I wrote the following and then said, "Man, where did that come from?" And then I answered my own question. These last several months our friends and family, and our very selves, have been ravaged by divorce and heartbreak, addictions and failures and mishaps and pain:
Saturday, September 8, 2012
What is it about life that makes us want to numb ourselves? The human condition is defined by our weakness to addiction. Addictions bring us comfort, a safe place, release. We all have them, and to the degree that we are wrapped in them is to the degree that we are hurt by them. Drugs, alcohol, relationships, power—those are the easy ones. Television, talk radio, video games, hobbies, talking, silence, politics, religion. All good things in and of themselves—all destructive when they become addictions.
Life frightens us. At the very heart and rock bottom of existence is a fact we cannot accept—we have no control over it. We are beholden to the elemental forces of the world. We may take our shots, and we may succeed for a time, but we accomplish as ones whistling through the cemetery at midnight. Our IQ and drive to succeed are no match for cancer, for a drunk driver, a stray bullet.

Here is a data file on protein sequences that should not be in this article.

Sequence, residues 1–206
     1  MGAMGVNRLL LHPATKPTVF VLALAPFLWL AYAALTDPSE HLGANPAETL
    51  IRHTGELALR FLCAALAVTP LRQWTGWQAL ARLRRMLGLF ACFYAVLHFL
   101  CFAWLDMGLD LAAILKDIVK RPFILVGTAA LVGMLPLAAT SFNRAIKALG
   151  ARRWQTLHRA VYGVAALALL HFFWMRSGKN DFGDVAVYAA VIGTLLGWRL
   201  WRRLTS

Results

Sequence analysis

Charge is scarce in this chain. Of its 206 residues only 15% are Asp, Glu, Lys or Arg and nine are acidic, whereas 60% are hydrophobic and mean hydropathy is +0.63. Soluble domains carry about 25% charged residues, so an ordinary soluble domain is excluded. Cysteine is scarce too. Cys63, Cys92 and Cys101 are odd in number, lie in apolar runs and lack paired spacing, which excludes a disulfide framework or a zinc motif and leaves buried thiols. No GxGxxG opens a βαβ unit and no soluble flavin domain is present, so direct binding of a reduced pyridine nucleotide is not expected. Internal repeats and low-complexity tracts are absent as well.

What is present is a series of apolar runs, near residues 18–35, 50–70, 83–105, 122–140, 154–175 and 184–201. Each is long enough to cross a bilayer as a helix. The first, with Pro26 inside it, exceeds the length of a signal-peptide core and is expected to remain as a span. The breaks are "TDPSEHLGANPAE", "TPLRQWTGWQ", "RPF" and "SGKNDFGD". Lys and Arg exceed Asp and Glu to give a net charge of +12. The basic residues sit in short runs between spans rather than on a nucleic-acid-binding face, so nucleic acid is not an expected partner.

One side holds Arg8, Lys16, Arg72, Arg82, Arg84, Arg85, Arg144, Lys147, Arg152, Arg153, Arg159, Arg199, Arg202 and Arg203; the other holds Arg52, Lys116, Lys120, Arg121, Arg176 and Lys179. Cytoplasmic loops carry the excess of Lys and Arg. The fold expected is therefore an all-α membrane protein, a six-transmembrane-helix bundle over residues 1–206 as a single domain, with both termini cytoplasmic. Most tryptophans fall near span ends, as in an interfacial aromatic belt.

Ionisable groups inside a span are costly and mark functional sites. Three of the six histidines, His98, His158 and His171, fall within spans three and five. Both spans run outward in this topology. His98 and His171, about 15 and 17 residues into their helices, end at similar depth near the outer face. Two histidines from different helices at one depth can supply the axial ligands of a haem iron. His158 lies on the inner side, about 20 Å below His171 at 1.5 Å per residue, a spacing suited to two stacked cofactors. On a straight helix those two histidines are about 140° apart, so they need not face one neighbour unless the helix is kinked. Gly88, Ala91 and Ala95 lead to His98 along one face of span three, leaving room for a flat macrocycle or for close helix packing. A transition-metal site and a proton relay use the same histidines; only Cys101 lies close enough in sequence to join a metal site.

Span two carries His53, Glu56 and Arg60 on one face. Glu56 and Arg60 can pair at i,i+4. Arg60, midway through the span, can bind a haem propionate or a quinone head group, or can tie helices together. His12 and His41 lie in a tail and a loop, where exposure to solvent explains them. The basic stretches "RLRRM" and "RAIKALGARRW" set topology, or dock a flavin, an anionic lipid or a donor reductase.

Our control gambits and schemes (like making a living, forging relationships we believe we can rely on) are unstable; we know this somewhere, but we are constantly engaged in pushing this knowledge to the bottom of our mental heap. The endless, unstoppable drip of disorder on the back of our necks drives us sideways to our addictions. They bring us pleasure, and we think that’s why we like them. But more so than providing pleasure, they are blocking us from the pain: the pain of knowing, knowing without the possibility of exception, that death comes for us all, and makes a mockery of what we tried to do with our 28,470 days—that is if the ghosts and monsters of naked, unrelenting reality did not get to us before our three score and ten.